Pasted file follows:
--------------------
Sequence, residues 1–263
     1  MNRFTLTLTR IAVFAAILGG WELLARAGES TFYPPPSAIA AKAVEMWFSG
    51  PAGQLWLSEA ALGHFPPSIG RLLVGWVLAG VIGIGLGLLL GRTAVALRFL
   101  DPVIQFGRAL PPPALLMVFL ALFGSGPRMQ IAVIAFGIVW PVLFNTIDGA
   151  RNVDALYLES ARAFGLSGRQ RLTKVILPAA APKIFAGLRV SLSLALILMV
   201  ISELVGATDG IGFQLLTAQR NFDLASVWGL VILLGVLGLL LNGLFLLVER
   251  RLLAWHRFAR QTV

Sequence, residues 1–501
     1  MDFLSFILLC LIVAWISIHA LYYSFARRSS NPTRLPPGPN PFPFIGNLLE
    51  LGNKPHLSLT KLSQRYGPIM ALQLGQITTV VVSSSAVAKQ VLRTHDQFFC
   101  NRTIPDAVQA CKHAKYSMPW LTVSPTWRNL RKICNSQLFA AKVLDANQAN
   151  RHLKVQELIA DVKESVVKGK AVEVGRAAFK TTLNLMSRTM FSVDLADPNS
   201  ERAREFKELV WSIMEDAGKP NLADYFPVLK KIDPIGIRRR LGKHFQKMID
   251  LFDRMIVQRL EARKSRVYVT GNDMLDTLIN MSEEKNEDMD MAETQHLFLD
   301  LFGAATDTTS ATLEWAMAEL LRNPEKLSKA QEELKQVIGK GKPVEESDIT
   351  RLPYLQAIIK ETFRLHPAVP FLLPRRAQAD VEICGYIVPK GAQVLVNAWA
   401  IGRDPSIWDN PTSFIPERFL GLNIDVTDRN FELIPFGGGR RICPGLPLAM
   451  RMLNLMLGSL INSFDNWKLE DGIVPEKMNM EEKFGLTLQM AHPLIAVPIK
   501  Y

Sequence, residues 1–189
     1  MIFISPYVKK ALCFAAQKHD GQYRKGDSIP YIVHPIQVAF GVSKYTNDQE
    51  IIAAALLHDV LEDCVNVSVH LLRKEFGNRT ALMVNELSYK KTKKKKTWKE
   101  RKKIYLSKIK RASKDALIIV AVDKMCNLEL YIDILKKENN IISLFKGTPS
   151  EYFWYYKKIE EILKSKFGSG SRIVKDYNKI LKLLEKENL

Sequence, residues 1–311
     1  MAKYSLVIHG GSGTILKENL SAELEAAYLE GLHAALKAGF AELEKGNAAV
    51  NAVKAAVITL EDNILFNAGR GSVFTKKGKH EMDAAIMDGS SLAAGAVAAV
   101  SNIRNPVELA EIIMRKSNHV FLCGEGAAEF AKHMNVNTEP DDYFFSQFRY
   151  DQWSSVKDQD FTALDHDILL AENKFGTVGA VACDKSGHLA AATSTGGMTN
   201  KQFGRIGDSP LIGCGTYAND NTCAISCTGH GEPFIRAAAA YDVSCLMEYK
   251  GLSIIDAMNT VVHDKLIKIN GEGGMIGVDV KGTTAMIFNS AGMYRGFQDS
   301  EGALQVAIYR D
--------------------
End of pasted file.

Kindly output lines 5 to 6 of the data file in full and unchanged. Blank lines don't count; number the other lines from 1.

   151  RNVDALYLES ARAFGLSGRQ RLTKVILPAA APKIFAGLRV SLSLALILMV
   201  ISELVGATDG IGFQLLTAQR NFDLASVWGL VILLGVLGLL LNGLFLLVER